Visual Studio 2019 Preview Release Notes
This release is not "go-live" and not intended for use on production computers or for creating production code. For instructions on installing and updating Visual Studio 2019, see this documentation on updating Visual Studio 2019 to the most recent release.
What's New in Visual Studio 2019
Visual Studio 2019 Preview Releases
- January 22, 2020 — Visual Studio 2019 version 16.5 Preview 2
- December 3, 2019 — Visual Studio 2019 version 16.5 Preview 1
Visual Studio 2019 Blog
The Visual Studio 2019 Blog is the official source of product insight from the Visual Studio Engineering Team. You can find in-depth information about the Visual Studio 2019 releases in the following posts:
- 'Tis the Season for Visual Studio 2019 v16.4 Release
- Visual Studio 2019 v16.4 Preview 2, Fall Sports, and Pumpkin Spice
- .NET Core Support and More in Visual Studio 2019 version 16.3 - Update Now!
- Visual Studio 2019 version 16.3 Preview 2 and Visual Studio 2019 for Mac version 8.3 Preview 2 Released!
- Visual Studio 2019 version 16.2 and 16.3 Preview 1 now available
- Visual Studio 2019 version 16.2 Preview 2
- Visual Studio 2019 version 16.1 and Preview 16.2 Preview
- Visual Studio 2019: Code faster. Work smarter. Create the future.
released January 22, 2020
In This Release of Visual Studio 2019 version 16.5 Preview 2
Details of What's New in Visual Studio version 16.5 Preview 2
Visual Studio IDE
You can now turn a fragment of code from an existing method into a local function. Highlight the code you want extracted. Press (Ctrl+.) to trigger the Quick Actions and Refactorings menu. Select Extract local function.
You can now simplify string interpolations when possible. Place your cursor on the string interpolation. Press (Ctrl+.) to trigger the Quick Actions and Refactorings menu. Select Simplify interpolation.
You now have the option to exclude generated files or folders when running analyzers. Create an EditorConfig file and mark the required files or folders as generated with the following syntax:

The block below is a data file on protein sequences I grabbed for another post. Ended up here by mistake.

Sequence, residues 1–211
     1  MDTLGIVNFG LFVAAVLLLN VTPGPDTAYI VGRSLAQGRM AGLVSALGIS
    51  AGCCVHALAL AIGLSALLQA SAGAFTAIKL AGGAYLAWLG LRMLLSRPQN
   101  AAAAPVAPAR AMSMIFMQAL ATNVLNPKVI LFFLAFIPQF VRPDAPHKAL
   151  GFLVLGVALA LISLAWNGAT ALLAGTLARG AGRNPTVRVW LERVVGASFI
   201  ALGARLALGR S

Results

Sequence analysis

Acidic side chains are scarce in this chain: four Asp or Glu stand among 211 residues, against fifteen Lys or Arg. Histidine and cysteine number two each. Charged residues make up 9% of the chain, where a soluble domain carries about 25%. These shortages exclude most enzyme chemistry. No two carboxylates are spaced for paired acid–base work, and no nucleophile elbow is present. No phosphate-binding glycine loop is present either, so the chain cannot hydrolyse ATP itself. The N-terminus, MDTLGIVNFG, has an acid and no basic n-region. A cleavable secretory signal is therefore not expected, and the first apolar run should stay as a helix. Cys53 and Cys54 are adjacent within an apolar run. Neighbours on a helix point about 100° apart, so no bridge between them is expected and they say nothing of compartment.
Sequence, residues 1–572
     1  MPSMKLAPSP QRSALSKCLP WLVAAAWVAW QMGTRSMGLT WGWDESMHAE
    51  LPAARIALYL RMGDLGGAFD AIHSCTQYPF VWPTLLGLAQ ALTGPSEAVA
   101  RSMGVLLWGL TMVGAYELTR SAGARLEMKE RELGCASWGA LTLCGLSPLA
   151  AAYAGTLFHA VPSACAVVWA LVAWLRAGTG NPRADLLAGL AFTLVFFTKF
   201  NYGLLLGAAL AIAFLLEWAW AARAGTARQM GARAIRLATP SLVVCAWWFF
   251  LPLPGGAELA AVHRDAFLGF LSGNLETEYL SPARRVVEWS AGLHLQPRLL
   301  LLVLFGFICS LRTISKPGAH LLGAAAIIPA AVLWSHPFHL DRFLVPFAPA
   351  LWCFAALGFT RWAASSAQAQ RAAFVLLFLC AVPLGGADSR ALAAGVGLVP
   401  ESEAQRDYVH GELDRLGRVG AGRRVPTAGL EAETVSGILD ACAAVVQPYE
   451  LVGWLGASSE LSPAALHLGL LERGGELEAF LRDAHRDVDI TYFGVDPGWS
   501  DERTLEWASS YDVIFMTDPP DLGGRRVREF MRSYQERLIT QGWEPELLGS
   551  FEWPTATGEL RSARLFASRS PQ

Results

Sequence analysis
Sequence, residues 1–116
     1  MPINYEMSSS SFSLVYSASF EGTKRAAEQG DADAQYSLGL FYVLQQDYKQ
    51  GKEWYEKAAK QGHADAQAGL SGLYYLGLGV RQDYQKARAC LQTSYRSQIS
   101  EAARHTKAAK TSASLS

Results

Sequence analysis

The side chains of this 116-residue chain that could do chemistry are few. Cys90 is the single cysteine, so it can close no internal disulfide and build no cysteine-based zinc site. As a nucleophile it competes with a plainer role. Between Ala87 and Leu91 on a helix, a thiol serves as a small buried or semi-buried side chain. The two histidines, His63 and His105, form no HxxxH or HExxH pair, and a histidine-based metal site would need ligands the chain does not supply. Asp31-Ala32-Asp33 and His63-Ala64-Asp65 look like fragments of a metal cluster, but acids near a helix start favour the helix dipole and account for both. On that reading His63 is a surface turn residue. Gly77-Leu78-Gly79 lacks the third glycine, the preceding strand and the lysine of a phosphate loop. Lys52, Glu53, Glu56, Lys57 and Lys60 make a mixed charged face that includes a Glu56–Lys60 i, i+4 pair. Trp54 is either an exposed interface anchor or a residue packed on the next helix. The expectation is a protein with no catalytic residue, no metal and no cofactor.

You can now see which managed thread is holding a .NET object lock via the Call Stack window, Parallel Stacks window, and the location column in the Threads window. <img src="media/16.5/16.5_P2_view-dotnet-object-lock.png" align='bottom' alt="View .NET object lock in Call Stack"
We've added the ability to toggle whether Enter, Space, and Tab function as commit characters, and to toggle whether Tab is used to Insert Snippet. Find these settings under Tools > Options > Text Editor > C/C++ > Advanced > IntelliSense.
You can now leverage Visual Studio's native support for WSL when separating your build system from your remote deploy system. This allows you to build natively on WSL and deploy the build artifacts to a second remote system for debugging. This workflow is supported by both CMake projects and MSBuild-based Linux projects.
You are now able to interact with your stored remote connections over the command line. This is useful for tasks such as provisioning a new development machine or setting up Visual Studio in continuous integration.
The source file copy for CMake projects targeting a remote Linux system has been optimized. Visual Studio now keeps a "fingerprint file" of the last set of sources copied remotely and optimizes behavior based on the number of files that have changed.
Add, remove, and rename source files and targets in your CMake projects from the IDE without manually editing your CMake scripts. When you add or remove files with the Solution Explorer, Visual Studio will automatically edit your CMake project. You can also add, remove, and rename the project's targets from the Solution Explorer's Targets View.